How to Properly Place a TB Skin Test

Three Parts:Understanding TBPreparing for the TestAdministering the Test

Tuberculosis (TB) is a very contagious bacterial infection caused by Mycobacterium tuberculosis. It usually affects the lungs but can affect any part of the body.[1] A person should get tested for TB if s/he has been around an infected person or suspects that s/he may have been exposed to the infection. The Mantoux tuberculin skin test, also known as the PPD test, is a screening tool to test a patient’s exposure to tuberculosis.[2] This test only reflects whether the patient has been infected with TB bacteria, and cannot distinguish whether s/he has latent TB infection or TB disease.[3] It is important to have a trained healthcare provider carefully and properly administer the test for the best chance of an accurate reading.

Part 1
Understanding TB

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    Know how TB spreads. The tuberculosis bacteria are airborne, meaning they are put into the air when a person with TB disease in their lungs or throat coughs, sneezes, speaks, or sings.[4] If a person breathes in the bacteria, s/he can become infected.
    • A person cannot get TB from touching people, shaking hands, or touching bed linens or toilet seats.
    • A person cannot get TB by sharing food or drink, sharing toothbrushes, or kissing. (However, s/he can become infected with other communicable diseases by doing these things.)
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    Compare latent TB infection and TB disease. It is possible to be infected with TB bacteria and not get sick. The TB skin test cannot tell the difference between latent TB infection or TB disease.[5][6]
    • If the person has latent TB infection, s/he is infected with the TB bacteria but his/her body is able to fight it off. S/he will not experience any symptoms and will not feel sick. S/he will not be infectious and cannot spread TB to others. A skin test will indicate TB infection.
    • However, if the patient’s body stops being able to fight off the bacteria, s/he can become ill with TB disease. S/he may become ill shortly after being infected, or s/he might feel fine for years until his/her immune system is weakened by something else.
    • TB disease occurs when a patient’s body cannot keep the TB bacteria from multiplying. S/he will feel sick and experience symptoms. People with TB disease are infectious and can spread the bacteria to others. A skin test will indicate TB infection.
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    Recognize the symptoms of TB disease. To determine whether a patient has been exposed to the TB bacteria, you should know how to recognize the symptoms of TB disease.[7] These include:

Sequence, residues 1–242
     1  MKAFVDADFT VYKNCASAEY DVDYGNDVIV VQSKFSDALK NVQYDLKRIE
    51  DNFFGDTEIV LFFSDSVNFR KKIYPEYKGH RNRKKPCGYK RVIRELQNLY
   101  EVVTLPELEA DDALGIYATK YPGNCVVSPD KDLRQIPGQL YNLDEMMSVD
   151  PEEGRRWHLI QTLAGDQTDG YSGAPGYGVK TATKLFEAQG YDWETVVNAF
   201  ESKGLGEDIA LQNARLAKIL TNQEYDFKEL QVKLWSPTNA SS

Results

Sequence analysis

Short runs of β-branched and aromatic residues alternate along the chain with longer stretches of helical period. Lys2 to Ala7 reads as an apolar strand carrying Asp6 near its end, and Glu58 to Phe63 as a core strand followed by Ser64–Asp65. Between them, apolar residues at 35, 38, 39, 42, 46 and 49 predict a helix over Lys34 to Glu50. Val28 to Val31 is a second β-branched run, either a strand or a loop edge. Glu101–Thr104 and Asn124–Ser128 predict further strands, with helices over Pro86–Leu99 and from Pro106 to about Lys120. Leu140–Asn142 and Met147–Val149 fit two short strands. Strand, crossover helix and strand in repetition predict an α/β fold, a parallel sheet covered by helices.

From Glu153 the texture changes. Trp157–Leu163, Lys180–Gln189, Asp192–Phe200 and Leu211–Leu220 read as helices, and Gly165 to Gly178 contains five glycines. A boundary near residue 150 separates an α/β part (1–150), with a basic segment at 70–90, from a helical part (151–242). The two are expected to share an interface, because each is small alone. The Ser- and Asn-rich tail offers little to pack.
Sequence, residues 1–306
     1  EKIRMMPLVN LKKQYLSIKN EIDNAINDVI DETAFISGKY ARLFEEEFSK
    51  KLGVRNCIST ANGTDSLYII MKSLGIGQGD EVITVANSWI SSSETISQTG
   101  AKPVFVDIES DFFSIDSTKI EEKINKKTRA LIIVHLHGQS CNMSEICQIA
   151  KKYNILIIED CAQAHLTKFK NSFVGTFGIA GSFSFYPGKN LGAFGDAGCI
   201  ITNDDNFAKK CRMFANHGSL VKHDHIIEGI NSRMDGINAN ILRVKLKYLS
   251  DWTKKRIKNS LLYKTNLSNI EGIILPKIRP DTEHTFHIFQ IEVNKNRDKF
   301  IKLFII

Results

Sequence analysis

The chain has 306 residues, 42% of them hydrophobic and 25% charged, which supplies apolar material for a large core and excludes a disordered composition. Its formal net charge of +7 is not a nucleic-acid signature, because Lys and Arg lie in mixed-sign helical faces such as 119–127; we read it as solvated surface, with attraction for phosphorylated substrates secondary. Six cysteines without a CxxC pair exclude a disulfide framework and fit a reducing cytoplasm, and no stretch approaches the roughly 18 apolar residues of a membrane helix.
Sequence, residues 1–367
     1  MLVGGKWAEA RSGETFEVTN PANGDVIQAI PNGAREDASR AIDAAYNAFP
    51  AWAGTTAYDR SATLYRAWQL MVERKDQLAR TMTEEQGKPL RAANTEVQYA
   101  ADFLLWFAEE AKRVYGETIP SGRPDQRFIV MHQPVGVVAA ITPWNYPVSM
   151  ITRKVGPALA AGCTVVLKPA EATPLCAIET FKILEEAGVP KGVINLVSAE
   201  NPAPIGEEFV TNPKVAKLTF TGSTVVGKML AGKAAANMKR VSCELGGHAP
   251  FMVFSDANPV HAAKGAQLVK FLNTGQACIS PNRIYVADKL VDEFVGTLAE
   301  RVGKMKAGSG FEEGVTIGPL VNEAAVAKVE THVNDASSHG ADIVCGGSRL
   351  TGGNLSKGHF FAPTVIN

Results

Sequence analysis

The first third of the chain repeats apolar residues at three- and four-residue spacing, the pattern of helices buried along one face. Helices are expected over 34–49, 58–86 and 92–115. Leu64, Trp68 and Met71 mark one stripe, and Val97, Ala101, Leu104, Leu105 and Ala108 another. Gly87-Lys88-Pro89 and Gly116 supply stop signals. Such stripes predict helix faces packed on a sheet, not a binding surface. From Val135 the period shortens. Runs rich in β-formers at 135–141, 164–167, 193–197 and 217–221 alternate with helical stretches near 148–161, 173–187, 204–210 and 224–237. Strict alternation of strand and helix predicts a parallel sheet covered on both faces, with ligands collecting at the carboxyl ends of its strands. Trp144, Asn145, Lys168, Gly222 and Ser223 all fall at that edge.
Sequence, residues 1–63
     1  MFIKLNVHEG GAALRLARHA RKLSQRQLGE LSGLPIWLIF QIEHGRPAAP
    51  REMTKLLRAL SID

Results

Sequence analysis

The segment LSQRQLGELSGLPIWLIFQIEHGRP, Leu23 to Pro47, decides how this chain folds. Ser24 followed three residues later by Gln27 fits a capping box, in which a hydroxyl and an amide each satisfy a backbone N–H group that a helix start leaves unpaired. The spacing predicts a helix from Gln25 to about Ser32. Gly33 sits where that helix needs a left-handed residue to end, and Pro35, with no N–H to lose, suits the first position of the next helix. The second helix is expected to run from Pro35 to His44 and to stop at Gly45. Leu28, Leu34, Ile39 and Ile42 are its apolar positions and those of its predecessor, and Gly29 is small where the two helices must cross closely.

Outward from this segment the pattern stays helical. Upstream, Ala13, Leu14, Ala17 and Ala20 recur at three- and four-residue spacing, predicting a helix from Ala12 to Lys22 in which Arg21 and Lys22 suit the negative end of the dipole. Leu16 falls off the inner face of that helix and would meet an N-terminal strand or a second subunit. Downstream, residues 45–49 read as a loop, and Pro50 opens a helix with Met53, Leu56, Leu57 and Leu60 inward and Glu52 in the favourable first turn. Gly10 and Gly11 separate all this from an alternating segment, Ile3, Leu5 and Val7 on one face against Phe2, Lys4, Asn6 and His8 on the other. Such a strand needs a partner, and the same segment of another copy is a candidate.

• A bad cough lasting 3 weeks or longer
    • Chest pain
    • Coughing up blood or bloody sputum (mucus)
    • Fatigue or weakness
    • Weight loss
    • Loss of appetite
    • Chills or fever
    • Night sweats

Part 2
Preparing for the Test

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    Gather your supplies. Before administering the test, gather all of the necessary supplies, including:[8]
    • A vial of tuberculin (tuberculin should always be stored in a refrigerator)
    • Latex gloves
    • Small disposable tuberculin syringe, 1.2 cc or smaller, with a needle 25 g or smaller
    • Alcohol swab
    • Cotton ball
    • Ruler with millimeter measurements
    • Sharps disposable container
    • Patient’s paperwork
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    Check the tuberculin’s expiration, date of opening, and whether it’s single or multidose. Before attempting to administer the tuberculin, verify that it’s safe and appropriate to use.[9]
    • The expiration date should be printed on the label. It will indicate when an unopened vial should no longer be used. If the expiration date has passed, don’t use the vial.
    • Check the date the vial was opened. The label should also specify a beyond-use date indicating how long after its initial opening a vial can still be used. If the beyond-use date has passed, don’t use the vial. Your local health department will be able to let you know the exact number of days after a multidose vial is opened before you must discard it.
    • The manufacturer’s guidelines should state whether the vial is single or multidose. A multidose vial includes a preservative that allows you to administer it to more than one patient.
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    Make sure you have a good area for administering the test. You will need a firm surface for the patient to rest his/her arm on. The area should be well-lit and clean.[10]
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    Wash your hands. Wash with warm water and soap, scrubbing liberally for 20 seconds.[11]
    • Rinse your hands with a paper towel and put on a pair of latex gloves.

Part 3
Administering the Test